We also should take note of the second half of v14. We might expect the blessing that God might leave to be something spectacular on a worldly scale… but instead it is something spectacular on a spiritual scale: the hope of receiving grain and wine in order to offer it back to God! What are our prayers filled with, requests for blessings that we can hand right back over to God?

The remainder of the passage is a call to the Jews to gather together to worship God, to corporately return to him. We see in v16 that this calling transcends all ages and states, as both the elderly and infants are called to gather, as well as traditions, shown through the calling together of the groom and bride prior to their marriage. Repentance and a return to God trumps everything else!

Finally, we see in v17 that this return to God by the people is to be spearheaded by the priests. Who are the priests today (see 1 Peter 2:11)? Are we spearheading the return to God? We might find our answer in the last question of the passage, “Why should it be said among the peoples, ‘here is their God?'” Isn’t this the question of the world today? And if the world is asking this, is it a sign of God’s absence, or our rebellion?


Lord, thank you for your mercy and grace, for being a God that desires to hold back destruction. I pray for our corporate repentance, and each of our individual return to you via a changed, a torn, heart. Help us to be your priests, to lead your people back to you. Amen.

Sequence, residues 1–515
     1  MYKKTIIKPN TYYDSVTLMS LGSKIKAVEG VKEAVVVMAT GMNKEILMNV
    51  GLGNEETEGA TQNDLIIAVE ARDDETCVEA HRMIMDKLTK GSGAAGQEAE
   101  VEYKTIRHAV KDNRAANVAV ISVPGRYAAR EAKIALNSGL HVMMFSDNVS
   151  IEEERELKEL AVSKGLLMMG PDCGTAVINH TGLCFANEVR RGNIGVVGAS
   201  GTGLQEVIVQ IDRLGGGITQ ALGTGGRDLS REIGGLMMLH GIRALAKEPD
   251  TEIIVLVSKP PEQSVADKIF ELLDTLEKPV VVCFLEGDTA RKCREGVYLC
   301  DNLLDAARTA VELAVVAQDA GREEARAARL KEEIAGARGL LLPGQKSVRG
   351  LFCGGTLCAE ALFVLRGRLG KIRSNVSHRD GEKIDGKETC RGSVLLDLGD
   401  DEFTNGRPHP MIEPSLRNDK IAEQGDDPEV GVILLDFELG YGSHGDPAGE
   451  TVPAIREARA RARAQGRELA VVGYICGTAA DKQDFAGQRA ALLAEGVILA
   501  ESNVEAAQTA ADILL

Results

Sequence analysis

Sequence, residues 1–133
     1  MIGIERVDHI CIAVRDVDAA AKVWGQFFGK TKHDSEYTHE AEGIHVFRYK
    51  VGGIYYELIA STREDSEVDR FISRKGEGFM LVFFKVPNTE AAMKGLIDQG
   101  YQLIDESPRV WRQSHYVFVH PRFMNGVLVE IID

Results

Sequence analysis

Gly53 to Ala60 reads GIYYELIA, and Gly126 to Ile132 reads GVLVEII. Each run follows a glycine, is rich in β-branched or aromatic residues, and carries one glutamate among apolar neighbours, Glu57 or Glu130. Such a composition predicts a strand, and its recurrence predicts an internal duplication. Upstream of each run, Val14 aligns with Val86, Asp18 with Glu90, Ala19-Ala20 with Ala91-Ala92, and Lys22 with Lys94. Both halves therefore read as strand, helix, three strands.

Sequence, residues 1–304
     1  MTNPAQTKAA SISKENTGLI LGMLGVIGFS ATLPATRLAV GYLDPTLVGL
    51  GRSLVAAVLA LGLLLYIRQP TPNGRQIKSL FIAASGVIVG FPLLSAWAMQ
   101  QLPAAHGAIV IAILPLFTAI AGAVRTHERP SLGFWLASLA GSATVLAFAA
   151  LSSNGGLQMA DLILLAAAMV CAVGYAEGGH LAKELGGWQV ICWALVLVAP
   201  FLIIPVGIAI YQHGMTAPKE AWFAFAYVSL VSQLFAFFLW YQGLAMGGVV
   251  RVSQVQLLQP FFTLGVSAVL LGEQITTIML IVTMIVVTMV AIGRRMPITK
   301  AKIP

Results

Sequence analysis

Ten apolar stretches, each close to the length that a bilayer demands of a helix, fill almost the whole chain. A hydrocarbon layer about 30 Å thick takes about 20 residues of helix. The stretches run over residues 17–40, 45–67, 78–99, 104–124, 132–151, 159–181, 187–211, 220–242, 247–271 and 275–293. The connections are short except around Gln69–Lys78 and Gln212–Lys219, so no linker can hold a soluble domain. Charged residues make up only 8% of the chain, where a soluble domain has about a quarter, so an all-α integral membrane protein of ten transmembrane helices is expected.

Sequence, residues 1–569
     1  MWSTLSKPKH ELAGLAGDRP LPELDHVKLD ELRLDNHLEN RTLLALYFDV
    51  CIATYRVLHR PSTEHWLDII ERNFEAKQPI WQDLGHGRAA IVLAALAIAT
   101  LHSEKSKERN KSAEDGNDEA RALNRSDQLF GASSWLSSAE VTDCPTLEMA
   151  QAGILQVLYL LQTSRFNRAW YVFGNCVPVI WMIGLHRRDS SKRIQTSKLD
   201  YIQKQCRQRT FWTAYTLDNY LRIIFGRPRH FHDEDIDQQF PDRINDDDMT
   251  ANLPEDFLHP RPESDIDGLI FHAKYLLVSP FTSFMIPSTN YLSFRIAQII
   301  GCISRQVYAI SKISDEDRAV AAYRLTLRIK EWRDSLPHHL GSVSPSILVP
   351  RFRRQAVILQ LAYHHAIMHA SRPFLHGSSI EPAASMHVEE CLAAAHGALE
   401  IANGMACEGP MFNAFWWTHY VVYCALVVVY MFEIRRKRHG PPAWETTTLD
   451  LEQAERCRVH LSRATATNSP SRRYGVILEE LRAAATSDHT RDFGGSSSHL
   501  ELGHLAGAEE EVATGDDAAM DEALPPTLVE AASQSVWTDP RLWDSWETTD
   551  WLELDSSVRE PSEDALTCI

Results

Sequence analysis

Joel 1:15-2:11

Key Verse(s):

Joel 2:11 (CSB)
11 The Lord makes his voice heard in the presence of his army. His camp is very large; those who carry out his command are powerful. Indeed, the day of the Lord is terrible and dreadful— who can endure it?


This passage spans the end of chapter 1, and the start of chapter 2. In addition to spanning two chapters, it seems the passage spans two different, but related, tones.

The remainder of chapter 1 conveys the dire circumstances of the Jews agriculturally. The most significant part here though, is Joel 1:15 and the mention of the “day of the Lord.” It is most interesting because of the mention that the day “is near”, not yet come, which seems odd if speaking of the locust swarms which apparently have already come and gone. It may, in the end, be safest to read this as a double, or even triple, meaning, referring back to the locust plague, forward to the Babylonian army, and even further forward to the final judgment of the world.

Chapter 2 continues the theme of apparent double-meaning in its message, but the tone changes from the agricultural woes of Israel to the threat of invasion. There is much to observe through the remaining verses, following are some selected notes.

  • Joel 2:1 – God’s people should be alarmed, and should be aware, that the “day of the Lord”, or judgment, is coming. This applied to Joel’s audience, his contemporaries, as well as to us today. We may be facing different threats, some not all that much different, but we ultimately know that the day of the Lord, the day of his final judgment looms ever closer.
  • Joel 2:3 – The description of destruction continues. What I found a bit striking was the reference to Eden packed in here. The picture of the perfect garden, designed by God to be the home of his creatures man and woman, and the subsequent smoldering desolation behind the army of God, the direct result of his judgment, is startling.
  • Joel 2:11 – There is a lot packed into this verse.
    • This army, whether men or locusts (or both), is God’s army! We must not lose sight of God’s sovereign power and his ability to step into his creation and use whatever he chooses, however he chooses, to execute his purposes and achieve his plans.